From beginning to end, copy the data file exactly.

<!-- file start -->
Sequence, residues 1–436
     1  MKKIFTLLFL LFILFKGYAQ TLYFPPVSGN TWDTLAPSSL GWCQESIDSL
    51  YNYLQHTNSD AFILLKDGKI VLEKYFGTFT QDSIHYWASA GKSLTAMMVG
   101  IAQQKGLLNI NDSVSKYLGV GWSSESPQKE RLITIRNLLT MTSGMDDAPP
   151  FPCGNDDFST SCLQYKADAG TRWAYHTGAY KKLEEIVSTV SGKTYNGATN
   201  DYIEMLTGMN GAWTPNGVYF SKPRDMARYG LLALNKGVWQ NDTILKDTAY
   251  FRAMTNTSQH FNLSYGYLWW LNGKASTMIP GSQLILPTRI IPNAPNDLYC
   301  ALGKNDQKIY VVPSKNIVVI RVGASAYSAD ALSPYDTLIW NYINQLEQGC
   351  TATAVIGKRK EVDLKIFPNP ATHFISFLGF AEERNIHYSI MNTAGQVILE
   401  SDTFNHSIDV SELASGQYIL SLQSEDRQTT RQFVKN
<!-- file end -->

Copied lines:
Sequence, residues 1–436
     1  MKKIFTLLFL LFILFKGYAQ TLYFPPVSGN TWDTLAPSSL GWCQESIDSL
    51  YNYLQHTNSD AFILLKDGKI VLEKYFGTFT QDSIHYWASA GKSLTAMMVG
   101  IAQQKGLLNI NDSVSKYLGV GWSSESPQKE RLITIRNLLT MTSGMDDAPP
   151  FPCGNDDFST SCLQYKADAG TRWAYHTGAY KKLEEIVSTV SGKTYNGATN
   201  DYIEMLTGMN GAWTPNGVYF SKPRDMARYG LLALNKGVWQ NDTILKDTAY
   251  FRAMTNTSQH FNLSYGYLWW LNGKASTMIP GSQLILPTRI IPNAPNDLYC
   301  ALGKNDQKIY VVPSKNIVVI RVGASAYSAD ALSPYDTLIW NYINQLEQGC
   351  TATAVIGKRK EVDLKIFPNP ATHFISFLGF AEERNIHYSI MNTAGQVILE
   401  SDTFNHSIDV SELASGQYIL SLQSEDRQTT RQFVKN